Wednesday, November 06, 2019 by Zoey Sky
People around the globe enjoy coffee, an energy-boosting drink with many health benefits. But what if you’re a coffee enthusiast with a sensitive-stomach?
Coffee is rich in antioxidants like polyphenols that prevent free radical damage and lower your risk of some chronic diseases. Drinking antioxidant-rich coffee moderately can help reduce your risk of Alzheimer’s disease, Parkinson’s, and Type 2 diabetes.
Healthy coffee lovers report that the drink sometimes worsens acid reflux, heartburn, and stomach pain.
This occurs because coffee beans contain natural acids that become more concentrated as the beans are roasted and brewed. Your stomach can handle the acidity of coffee, but too much acid can cause problems, particularly once it leaks into your esophagus.
Coffee also loosens the lower esophageal sphincter (LES) muscles that separate your stomach from your esophagus. This can make stomach juices that contain hydrochloric acid splash up into your esophagus, which then results in acid reflux and heartburn symptoms.
Hydrochloric acid also causes chest pain, coughing, or a sore throat.
The beverage causes diarrhea since caffeine makes your digestive tract muscles contract and spasm. This pushes out the contents of your large intestine.
Coffee’s acidity can cause problems like flare-ups and symptoms like cramping and diarrhea in individuals with gut conditions like Crohn’s disease, irritable bowel syndrome (IBS), or ulcerative colitis. If you have gastrointestinal (GI) conditions like IBS and Crohn’s, it’s better to avoid coffee altogether.
If you’re generally healthy and can’t bear the thought of abstaining from coffee, here are eight ways to make a gut-friendly cup of joe.
Coffee beans grown in areas with lower altitudes like Brazil, Peru, Sumatra, and Venezuela produce coffees that are naturally lower in acid. When buying coffee, check the label and look for beans marked “low acid.”
Another option is to brew beans with alkaline water to produce coffee with lower acidity.
Sugar feeds “bad” gut microbes. If you have dysbiosis, or not enough “good” microbes and too many bad bugs, sweetened coffee can aggravate your condition.
Artificial sweeteners like erythritol, mannitol, and xylitol can’t be digested. These sugar alcohols are fermented by gut bacteria, which produce gases that distend the intestines and draw water in. This then results in symptoms like bloating or stomach pain.
Start slow and decrease the amount of sugar you add, until you can bear drinking coffee with only a bit of sugar.
Cold-brewed coffee is usually 65 percent less acidic than regular hot-brewed coffee.
Cold brewing extracts less acid and bitter compounds from the beans, making the final product easier to tolerate. If you prefer hot coffee, reheat cold-brewed coffee in a small pot.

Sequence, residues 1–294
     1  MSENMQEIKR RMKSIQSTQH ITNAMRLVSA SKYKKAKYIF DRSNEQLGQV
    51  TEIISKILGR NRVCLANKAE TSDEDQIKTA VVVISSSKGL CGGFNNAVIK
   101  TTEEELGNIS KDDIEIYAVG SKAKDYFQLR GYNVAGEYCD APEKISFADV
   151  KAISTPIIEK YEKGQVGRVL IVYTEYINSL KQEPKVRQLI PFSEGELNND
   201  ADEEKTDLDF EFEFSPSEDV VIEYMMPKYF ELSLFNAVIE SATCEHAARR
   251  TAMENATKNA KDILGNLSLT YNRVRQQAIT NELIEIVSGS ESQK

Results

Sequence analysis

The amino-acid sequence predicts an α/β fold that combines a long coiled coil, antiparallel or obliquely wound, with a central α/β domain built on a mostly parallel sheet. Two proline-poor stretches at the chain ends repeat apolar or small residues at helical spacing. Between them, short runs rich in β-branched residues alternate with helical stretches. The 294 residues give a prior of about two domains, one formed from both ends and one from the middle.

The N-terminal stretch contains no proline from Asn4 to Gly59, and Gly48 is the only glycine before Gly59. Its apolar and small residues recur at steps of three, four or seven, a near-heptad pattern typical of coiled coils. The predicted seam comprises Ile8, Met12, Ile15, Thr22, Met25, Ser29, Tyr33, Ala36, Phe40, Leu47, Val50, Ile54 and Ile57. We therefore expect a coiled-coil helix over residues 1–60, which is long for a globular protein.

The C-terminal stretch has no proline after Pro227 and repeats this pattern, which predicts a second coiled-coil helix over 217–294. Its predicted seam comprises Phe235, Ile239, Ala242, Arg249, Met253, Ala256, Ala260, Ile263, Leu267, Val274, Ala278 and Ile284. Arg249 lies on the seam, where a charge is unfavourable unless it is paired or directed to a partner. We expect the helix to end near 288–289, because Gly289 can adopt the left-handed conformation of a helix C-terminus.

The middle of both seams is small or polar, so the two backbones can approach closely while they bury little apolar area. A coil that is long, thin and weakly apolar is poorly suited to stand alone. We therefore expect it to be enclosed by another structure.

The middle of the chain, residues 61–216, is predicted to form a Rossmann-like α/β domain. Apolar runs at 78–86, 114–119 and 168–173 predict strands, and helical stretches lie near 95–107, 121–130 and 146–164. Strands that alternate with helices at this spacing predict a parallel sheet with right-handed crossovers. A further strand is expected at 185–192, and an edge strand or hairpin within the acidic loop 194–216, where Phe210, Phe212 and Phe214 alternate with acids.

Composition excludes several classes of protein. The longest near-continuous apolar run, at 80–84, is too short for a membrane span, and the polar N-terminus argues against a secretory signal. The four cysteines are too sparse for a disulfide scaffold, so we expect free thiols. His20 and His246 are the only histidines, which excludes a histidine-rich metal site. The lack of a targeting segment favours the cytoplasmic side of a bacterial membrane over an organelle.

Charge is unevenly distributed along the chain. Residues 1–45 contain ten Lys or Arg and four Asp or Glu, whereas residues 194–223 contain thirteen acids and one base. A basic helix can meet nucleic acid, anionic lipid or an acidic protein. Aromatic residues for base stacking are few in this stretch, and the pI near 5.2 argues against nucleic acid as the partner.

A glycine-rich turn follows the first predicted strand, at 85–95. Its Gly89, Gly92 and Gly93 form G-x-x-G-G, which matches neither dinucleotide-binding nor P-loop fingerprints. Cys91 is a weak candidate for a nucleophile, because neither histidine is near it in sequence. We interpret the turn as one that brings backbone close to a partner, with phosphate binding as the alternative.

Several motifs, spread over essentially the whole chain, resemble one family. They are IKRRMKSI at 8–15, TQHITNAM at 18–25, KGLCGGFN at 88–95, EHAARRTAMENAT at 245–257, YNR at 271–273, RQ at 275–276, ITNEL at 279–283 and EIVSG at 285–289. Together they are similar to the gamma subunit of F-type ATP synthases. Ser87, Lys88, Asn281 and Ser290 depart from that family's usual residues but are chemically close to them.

Follow the steps below to make cold-brewed coffee:
Coffee contains ingredients that can cause digestive irritation, such as caffeine.
Caffeine increases the production of stomach acid, and while this is essential for improved digestion, it can have adverse effects on those with loose LES muscles. Switch to decaf coffee and see if you can tolerate it. (Related: Coffee without the jitters: Here’s all you need to know about decaffeinated coffee.)
Bases neutralize acids. Eggshells are made of calcium carbonate that is basic or alkaline.
Eggshells added to ground coffee helps absorb and neutralize the acids and other bitter compounds that can cause stomach irritation. Use shells from an organic egg.
Break an egg and wash the shell thoroughly. Let the eggshells dry, then break it into smaller pieces.
Mix the shells with ground coffee in a coffeemaker or French press. Use one eggshell for every four cups of coffee.
If the coffee itself isn’t causing gut problems, it’s probably the dairy. If you have lactose intolerance, use lactose-free or plant-based milk.
However, if you have a dairy allergy, use dairy alternatives like almond, cashew, flax, or rice milks instead. Drinking dairy-free coffee means you’re using alternatives that may contain gums.
Guns help keep the liquid emulsified, so it doesn’t separate. While gums are natural food fiber components, they can be fermented by gut bacteria and cause digestive issues in some people. To avoid this, choose nut milks that don’t contain gums and sweeteners.
Hydrolyzed collagen (collagen peptides) contains amino acids like glutamine and glycine. These amino acids strengthen your immune system, helps in detoxification, and repairs the gut lining.
Hydrolyzed collagen powder can be dissolved in hot or cold fluids. Add at least a heaping tablespoon of unflavored collagen peptides for every eight ounces of coffee.
If your stomach is too sensitive for the other alternatives detailed above, drink chicory coffee instead.
Chicory root contains inulin. This prebiotic fiber feeds bacteria in your gut. If you have a healthy microbiome, the fiber in chicory can help “fertilize” your gut and promote bacterial diversity.
But if you’re experiencing bloating, burping, constipation, diarrhea, gas or stomach pain, chicory can aggravate your symptoms as it feeds the wrong bugs. Consult a digestive health dietitian to determine other food and beverage options.
Make gut-friendly coffee by using non-dairy milk and using less sugar. Your stomach will thank you for it.